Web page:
Front-line supervisors’ perceptions of less-lethal force policies: Examining the ‘transmission belts’ of police departments

Jason R. Ingram, Robert R. Weidner

Research output: Contribution to journalArticlepeer-review

4 Scopus citations

Abstract

This study uses survey data from five municipal police agencies to examine sergeants’ attitudes regarding the clarity, discretionary assistance, restrictiveness, and guidance of their departments’ less-lethal force policies. In general, sergeants reported favorable attitudes toward their respective policies. However, this support varied to some extent across types of resistance, with somewhat weaker support for departmental policy in regard to lower levels of resistance (e.g., verbal and passive). Analyses reveal some interdepartmental differences regarding sergeants’ attitudes on policy restrictiveness; while sergeants from one department generally reported that their policy was not restrictive enough, sergeants from another department were more likely to feel that their policy was too restrictive. Finally, this research finds that sergeants’ personal views on the appropriateness of different force options to control resistant citizens varied at times from their department's policy. Implications of these findings for practice and research are discussed.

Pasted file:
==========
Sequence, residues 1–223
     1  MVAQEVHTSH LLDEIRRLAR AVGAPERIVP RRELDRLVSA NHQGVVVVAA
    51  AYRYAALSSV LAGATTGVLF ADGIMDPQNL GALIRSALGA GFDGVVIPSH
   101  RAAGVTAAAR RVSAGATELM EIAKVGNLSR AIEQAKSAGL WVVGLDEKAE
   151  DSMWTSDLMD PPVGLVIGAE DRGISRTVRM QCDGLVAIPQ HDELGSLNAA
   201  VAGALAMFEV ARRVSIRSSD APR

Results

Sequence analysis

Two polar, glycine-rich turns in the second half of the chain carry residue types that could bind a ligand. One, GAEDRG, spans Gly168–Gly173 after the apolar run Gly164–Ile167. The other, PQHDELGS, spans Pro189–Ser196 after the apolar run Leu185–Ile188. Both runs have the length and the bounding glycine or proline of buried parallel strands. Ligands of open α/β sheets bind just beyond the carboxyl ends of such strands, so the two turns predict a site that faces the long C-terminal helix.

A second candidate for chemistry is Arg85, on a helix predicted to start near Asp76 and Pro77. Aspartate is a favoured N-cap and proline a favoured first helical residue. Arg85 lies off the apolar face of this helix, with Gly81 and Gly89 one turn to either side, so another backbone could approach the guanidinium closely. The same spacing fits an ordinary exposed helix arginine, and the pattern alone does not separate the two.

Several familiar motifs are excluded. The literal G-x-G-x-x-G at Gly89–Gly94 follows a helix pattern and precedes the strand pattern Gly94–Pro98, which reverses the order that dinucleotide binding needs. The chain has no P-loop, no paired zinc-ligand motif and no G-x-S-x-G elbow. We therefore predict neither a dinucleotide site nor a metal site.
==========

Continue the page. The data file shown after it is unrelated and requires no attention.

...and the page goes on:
Original languageEnglish (US)
Pages (from-to)221-233
Number of pages13
JournalJournal of Crime and Justice
Volume34
Issue number3
DOIs
StatePublished - Nov 2011

Keywords

  • Police policy
  • Police supervision
  • Sergeant attitudes
  • Use of force

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